Our main guest today was chef, restaurateur and owner of Ilili restaurant Philippe G. Massoud. Lebanese – American Chef began his career in hospitality in Lebanon at the young age of eight years old. The Lebanese situation in 1985 made him leave to the United States and obtained a degree in Hotel Management. It was not until 2007 that Philippe Massoud opened Ilili Restaurant in New York City. He is personally responsible for the creation and execution of every item on Ilili’s and manages with his brother and co-owner Alexander Massoud. Philippe’s mission is to revive a fine and ancient cuisine by re-inventing and selling it to the public.
During our law segment, lawyer Lara Dagher talked about adoption rights in Lebanon. Adoption is overseen by religious institutions in Lebanon. It is largely forbidden in Islam. Instead Islam suggests “Takkaful” or sponsorship for orphan children. Only Christian institutions recognize adoptions as a legal convention. People who wish to adopt should belong to the same religious community of the child, but not necessarily the same sect.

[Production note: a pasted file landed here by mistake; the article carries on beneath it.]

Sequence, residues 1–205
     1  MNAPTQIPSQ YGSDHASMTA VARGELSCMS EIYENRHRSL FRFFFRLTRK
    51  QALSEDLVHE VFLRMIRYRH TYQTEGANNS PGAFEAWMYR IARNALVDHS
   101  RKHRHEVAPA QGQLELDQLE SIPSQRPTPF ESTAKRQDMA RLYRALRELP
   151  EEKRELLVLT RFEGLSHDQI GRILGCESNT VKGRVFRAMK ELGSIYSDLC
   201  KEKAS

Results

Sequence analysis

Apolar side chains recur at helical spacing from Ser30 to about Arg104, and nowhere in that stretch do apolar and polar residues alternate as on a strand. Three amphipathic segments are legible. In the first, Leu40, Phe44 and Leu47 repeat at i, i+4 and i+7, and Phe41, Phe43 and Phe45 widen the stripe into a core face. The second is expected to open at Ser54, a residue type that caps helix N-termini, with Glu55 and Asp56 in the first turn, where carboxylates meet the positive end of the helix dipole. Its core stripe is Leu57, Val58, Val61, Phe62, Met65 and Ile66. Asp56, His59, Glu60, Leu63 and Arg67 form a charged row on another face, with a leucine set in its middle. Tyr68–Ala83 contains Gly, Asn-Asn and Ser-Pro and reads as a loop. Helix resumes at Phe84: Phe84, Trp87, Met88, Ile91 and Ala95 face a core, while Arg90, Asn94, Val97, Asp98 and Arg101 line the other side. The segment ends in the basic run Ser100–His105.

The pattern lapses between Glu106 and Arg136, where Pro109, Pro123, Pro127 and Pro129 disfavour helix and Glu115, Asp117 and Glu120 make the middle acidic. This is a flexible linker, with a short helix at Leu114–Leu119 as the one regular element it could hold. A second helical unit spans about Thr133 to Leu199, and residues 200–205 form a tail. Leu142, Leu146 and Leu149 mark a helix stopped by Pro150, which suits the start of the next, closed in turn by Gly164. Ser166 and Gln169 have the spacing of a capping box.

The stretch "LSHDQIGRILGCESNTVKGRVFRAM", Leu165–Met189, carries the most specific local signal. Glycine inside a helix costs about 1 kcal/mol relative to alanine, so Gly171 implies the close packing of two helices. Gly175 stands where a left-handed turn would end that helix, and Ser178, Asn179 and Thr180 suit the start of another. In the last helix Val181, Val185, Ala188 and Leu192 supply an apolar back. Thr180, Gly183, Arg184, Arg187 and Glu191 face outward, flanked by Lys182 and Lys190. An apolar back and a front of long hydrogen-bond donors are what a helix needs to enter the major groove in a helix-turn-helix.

60-year-old Marwan Kaiss who earned his BA last year from Arab Open University and Dr. Dany Aoun were our guests on today’s show. Marwan Kaiss decided to pursue an education at an older age because he does not believe in being too old to get an education and develop. He explained how he felt when he got his diploma and how he managed to alternate between his job and studies. Marwan Kaiss encourages all those who missed the university education to get back on track. Dr. Dany Aoun, on the other hand, talked about the increasing number of students over the age of 40 who are returning to college. The Arab Open University operates under flexible open learning systems and this allows students to come to class after working hours.
Blogger Nasri Atallah talked about the release of his book “Our Man In Beirut: Collected Rants” on December the fourth from 6:00 to 9:00 p.m. at Secteur 75. The book is a collection of blog posts and photos taken by Nasri Atallah himself. Take a look at Nasri Atallah’s blog www.ourmaninbeirut.com which he started after he returned to live in Lebanon in 2009.
During our fashion segment, fashion designer Karine Tawil talked about the iconic clothing that changed fashion in the 20th century & specifically the little black dress or what is known today as the LBD! The LBD was introduced by Coco Chanel during the year 1926. Chanel published a picture of a simple and short black dress which was straight and calf-length. Vogue called it “Chanel’s Ford”.
Hope you enjoyed today’s episode.
See you back tomorrow.